In my early working years I had two different past addresses and in a different state than where I live now. It would make sense that it might be difficult to find me if my previous employer tried to reach me.

Believe it or not, the company, PBGC, or the insurance company holding your long-lost annuity or pension wants to hear from you. They have a legal obligation to hold your money as an unclaimed pension and attempt to find you within the legal guidelines.

What to Do:

Prior Employer is Still in Business-

If you are fortunate your ex-employer is still in business which will make your search easier. You can do an online search to see if they offer retirement/pension benefits. However what they offer employees today doesn’t mean it will match what was offered when you worked there many years ago. You must be specific in your search for ancient benefits which may be difficult to find.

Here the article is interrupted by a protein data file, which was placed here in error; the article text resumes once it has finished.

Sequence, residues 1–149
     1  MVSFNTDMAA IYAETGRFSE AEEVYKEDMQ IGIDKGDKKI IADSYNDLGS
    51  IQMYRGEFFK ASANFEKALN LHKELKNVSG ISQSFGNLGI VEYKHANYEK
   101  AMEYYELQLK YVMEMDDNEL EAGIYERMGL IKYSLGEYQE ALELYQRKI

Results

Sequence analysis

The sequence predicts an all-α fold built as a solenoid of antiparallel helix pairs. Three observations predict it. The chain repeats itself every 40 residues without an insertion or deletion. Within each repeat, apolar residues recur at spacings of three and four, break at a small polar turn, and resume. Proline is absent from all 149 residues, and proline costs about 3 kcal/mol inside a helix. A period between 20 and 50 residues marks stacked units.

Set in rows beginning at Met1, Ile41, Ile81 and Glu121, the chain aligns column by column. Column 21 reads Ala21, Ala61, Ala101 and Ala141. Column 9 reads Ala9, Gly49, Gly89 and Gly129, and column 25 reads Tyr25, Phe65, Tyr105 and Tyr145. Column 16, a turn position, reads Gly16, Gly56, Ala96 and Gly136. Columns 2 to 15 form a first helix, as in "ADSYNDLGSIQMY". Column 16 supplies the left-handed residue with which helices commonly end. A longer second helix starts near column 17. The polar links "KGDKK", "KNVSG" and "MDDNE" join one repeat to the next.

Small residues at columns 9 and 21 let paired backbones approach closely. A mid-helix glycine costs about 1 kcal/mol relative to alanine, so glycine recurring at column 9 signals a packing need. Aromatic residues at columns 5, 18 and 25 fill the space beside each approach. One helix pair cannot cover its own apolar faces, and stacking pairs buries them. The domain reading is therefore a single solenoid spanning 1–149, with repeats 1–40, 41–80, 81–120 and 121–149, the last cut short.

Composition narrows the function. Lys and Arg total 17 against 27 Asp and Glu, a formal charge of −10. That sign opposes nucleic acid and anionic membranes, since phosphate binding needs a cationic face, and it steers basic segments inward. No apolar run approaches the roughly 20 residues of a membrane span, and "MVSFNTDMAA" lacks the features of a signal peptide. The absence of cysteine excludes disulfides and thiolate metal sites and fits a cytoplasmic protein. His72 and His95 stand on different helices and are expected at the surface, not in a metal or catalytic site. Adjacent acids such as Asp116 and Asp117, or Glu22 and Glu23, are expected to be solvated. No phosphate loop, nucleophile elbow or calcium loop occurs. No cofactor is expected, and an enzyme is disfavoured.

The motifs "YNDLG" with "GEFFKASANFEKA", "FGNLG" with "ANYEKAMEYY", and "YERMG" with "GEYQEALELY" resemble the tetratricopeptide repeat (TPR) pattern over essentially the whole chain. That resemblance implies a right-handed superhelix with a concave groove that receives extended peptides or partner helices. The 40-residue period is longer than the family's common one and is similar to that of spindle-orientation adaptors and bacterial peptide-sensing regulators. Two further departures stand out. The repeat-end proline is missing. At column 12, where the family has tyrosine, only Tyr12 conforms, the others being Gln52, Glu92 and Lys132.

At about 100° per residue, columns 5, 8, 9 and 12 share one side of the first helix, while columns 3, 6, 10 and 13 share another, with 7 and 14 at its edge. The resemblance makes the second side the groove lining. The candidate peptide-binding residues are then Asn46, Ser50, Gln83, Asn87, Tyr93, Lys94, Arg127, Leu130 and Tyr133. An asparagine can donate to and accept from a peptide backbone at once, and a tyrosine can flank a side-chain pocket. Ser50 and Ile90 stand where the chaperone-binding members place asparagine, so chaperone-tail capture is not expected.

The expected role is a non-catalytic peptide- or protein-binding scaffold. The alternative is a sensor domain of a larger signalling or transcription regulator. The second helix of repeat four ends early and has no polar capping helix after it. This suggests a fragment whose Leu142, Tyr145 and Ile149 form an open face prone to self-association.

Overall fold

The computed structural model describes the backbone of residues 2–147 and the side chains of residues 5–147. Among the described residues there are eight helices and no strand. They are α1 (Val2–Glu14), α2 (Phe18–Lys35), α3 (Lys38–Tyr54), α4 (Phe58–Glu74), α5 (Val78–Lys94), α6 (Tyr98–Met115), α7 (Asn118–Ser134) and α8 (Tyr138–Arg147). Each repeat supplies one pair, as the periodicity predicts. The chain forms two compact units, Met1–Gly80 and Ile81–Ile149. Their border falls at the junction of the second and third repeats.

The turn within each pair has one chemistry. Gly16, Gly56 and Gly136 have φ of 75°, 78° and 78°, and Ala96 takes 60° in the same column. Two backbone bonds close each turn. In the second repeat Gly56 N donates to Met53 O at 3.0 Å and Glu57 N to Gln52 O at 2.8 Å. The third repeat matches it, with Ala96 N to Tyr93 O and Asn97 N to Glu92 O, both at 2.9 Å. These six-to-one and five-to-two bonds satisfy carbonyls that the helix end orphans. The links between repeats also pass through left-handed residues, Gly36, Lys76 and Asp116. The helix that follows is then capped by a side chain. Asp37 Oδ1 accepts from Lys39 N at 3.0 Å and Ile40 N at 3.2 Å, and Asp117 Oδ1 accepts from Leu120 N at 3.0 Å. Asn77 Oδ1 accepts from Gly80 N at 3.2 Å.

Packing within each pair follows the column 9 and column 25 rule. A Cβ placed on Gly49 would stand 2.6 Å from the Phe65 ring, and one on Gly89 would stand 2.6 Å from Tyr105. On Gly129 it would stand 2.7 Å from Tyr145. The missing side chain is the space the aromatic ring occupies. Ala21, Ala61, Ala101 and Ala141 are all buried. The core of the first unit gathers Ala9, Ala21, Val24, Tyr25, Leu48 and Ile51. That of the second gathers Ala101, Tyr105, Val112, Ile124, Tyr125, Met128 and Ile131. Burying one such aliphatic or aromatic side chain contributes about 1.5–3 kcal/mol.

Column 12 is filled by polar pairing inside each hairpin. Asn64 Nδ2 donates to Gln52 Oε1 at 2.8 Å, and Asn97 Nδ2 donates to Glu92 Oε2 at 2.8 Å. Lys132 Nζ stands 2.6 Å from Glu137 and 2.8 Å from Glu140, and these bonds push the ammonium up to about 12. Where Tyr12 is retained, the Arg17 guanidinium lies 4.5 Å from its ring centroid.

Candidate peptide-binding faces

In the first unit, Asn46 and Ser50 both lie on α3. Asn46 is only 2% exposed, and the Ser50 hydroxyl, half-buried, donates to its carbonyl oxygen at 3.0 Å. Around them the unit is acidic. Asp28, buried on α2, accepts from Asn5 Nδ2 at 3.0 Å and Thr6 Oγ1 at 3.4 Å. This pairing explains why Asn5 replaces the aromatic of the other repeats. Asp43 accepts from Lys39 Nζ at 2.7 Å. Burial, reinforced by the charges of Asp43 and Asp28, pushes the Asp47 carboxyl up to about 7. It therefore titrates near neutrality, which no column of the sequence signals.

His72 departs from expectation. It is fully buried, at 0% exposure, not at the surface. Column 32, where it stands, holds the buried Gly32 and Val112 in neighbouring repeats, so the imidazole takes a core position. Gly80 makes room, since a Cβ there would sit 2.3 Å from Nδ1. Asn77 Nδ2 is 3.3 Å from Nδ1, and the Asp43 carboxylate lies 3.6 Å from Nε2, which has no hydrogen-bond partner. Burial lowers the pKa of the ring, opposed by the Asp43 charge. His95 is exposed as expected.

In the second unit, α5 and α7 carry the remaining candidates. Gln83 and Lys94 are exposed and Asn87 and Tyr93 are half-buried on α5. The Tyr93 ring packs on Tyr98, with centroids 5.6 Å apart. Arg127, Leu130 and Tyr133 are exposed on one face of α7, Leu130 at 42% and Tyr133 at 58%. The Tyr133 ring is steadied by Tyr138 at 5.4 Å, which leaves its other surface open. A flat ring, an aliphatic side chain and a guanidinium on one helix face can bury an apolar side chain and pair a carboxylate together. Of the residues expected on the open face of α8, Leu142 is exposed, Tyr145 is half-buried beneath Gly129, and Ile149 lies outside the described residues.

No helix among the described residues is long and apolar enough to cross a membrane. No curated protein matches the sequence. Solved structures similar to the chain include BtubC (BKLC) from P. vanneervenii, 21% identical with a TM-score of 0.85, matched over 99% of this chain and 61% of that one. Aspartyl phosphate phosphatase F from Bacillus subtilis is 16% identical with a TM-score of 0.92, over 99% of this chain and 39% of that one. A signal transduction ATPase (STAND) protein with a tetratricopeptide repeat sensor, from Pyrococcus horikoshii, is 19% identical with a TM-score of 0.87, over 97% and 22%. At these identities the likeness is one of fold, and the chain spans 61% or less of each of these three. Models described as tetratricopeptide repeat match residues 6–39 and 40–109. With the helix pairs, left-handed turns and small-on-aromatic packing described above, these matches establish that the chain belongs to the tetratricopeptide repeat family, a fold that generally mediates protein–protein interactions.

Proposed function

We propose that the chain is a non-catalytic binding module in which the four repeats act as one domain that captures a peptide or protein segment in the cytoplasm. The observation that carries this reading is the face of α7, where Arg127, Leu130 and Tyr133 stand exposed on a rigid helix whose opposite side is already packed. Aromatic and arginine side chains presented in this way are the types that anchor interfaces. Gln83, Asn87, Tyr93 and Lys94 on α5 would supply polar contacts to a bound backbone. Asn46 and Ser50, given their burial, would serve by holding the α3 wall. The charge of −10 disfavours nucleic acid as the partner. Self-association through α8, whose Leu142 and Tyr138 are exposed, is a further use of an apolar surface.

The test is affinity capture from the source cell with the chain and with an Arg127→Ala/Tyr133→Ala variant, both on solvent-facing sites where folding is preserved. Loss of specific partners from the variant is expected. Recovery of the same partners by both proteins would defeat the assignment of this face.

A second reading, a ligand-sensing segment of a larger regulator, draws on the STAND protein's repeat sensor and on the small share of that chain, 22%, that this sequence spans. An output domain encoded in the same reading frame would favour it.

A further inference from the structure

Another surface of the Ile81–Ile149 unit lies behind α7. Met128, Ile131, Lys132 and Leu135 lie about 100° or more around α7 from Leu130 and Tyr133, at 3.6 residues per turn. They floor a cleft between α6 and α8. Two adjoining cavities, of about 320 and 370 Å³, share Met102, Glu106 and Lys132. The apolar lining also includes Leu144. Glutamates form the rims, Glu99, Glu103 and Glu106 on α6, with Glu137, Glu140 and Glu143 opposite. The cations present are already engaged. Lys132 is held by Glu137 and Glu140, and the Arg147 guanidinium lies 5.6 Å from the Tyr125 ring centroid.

Your retirement treasure hunt is as simple as contacting it’s human resources (HR) department. Then ask about their retirement pension benefits and vesting periods (qualifying length of employment) during the timeframe you worked there. If you determine that you may have qualified for the benefit then ask for the plan administrator. Hopefully then you will be given a phone number or an email address to contact them and finish your long forgotten or lost pension search.

Prior Employer is No Longer in Business-